Global Warming and Tornadoes
Diffenbaugh, N.S., Trapp, R.J. and Brooks, H. 2008. Does global warming influence tornado activity? EOS, Transactions, American Geophysical Union 89: 553-554.
On the theoretical side of the issue, Diffenbaugh et al. indicate there are competing ideas with regard to whether tornadoes might become more or less frequent and/or severe as the planet warms. On the observational side, there is also much uncertainty about the matter. They write, for example, that "the number of tornadoes reported in the United States per year has been increasing steadily (~14 per year) over the past half century." However, they say "determining whether this is a robust trend in tornado occurrence is difficult," because "the historical record is both relatively short and non-uniform in space and time." In addition, the increase in yearly tornado numbers runs parallel with the concurrent increase in the country's population, which makes for just that much better geographical coverage and more complete (i.e., numerous) observations.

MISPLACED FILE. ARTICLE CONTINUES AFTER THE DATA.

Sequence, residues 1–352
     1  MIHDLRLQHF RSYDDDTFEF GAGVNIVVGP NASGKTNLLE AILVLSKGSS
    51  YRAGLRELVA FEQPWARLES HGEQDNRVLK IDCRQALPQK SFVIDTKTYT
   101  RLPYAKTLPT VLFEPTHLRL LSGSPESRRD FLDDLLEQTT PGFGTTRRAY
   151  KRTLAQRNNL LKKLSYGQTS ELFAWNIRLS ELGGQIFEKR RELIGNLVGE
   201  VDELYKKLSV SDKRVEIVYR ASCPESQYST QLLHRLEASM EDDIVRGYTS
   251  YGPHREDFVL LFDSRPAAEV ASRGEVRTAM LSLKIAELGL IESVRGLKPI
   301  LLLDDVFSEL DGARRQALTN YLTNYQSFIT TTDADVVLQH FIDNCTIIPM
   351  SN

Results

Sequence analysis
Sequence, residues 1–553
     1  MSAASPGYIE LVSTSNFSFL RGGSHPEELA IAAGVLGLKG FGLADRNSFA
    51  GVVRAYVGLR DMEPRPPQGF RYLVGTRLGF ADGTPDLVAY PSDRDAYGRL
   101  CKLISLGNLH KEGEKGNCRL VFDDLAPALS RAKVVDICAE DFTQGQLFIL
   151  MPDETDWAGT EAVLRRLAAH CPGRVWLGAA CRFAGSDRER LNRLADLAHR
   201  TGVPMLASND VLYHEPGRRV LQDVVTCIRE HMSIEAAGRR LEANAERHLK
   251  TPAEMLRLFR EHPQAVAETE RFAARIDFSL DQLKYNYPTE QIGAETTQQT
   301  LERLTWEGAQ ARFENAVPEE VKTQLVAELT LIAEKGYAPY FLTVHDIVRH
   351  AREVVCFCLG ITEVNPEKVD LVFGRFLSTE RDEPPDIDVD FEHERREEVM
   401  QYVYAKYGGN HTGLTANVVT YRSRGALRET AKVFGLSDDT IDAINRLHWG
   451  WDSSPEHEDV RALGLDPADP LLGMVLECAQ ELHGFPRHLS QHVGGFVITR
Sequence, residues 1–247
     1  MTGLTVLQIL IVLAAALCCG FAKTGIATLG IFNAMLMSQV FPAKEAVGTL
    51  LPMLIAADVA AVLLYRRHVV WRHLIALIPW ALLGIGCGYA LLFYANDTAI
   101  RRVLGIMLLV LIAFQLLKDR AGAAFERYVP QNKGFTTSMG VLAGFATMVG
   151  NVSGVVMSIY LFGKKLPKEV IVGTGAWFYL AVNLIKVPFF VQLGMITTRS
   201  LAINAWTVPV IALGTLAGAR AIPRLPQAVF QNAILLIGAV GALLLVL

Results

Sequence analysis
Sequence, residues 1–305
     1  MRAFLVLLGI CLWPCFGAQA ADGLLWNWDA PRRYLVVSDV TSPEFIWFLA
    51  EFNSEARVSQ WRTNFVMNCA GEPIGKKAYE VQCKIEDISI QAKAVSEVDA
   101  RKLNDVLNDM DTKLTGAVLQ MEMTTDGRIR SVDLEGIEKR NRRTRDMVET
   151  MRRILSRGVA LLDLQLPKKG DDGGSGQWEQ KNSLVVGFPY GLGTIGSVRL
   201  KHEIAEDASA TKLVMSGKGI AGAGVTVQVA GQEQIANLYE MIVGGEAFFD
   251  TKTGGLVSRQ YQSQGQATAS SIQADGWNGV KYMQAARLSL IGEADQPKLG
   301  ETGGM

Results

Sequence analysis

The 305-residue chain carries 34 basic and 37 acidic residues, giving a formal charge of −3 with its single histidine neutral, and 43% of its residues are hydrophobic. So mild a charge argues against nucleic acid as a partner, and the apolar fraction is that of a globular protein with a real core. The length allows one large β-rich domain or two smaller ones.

On the other hand, the three researchers report that the number of tornadoes classified as the most damaging (F2-F5 on the Fujita scale) may well have truly decreased over the past five decades (1954-2003), as their frequency of occurrence actually runs counter to the trend of the country's population. In fact, the graphs they present show yearly F2-F5 tornado numbers in the latter half of the record period dropping to only about a half of what they were during its first half, while corresponding data from the U.S. Southern Great Plains show damaging tornado numbers dropping to only about a third of what they were initially. Nevertheless, when all is said and done, Diffenbaugh et al. consider the question posed in the title of their paper to be unresolved, stating that "determining the actual background occurrence and trend in tornado activity over recent decades will certainly require further development of other analysis approaches."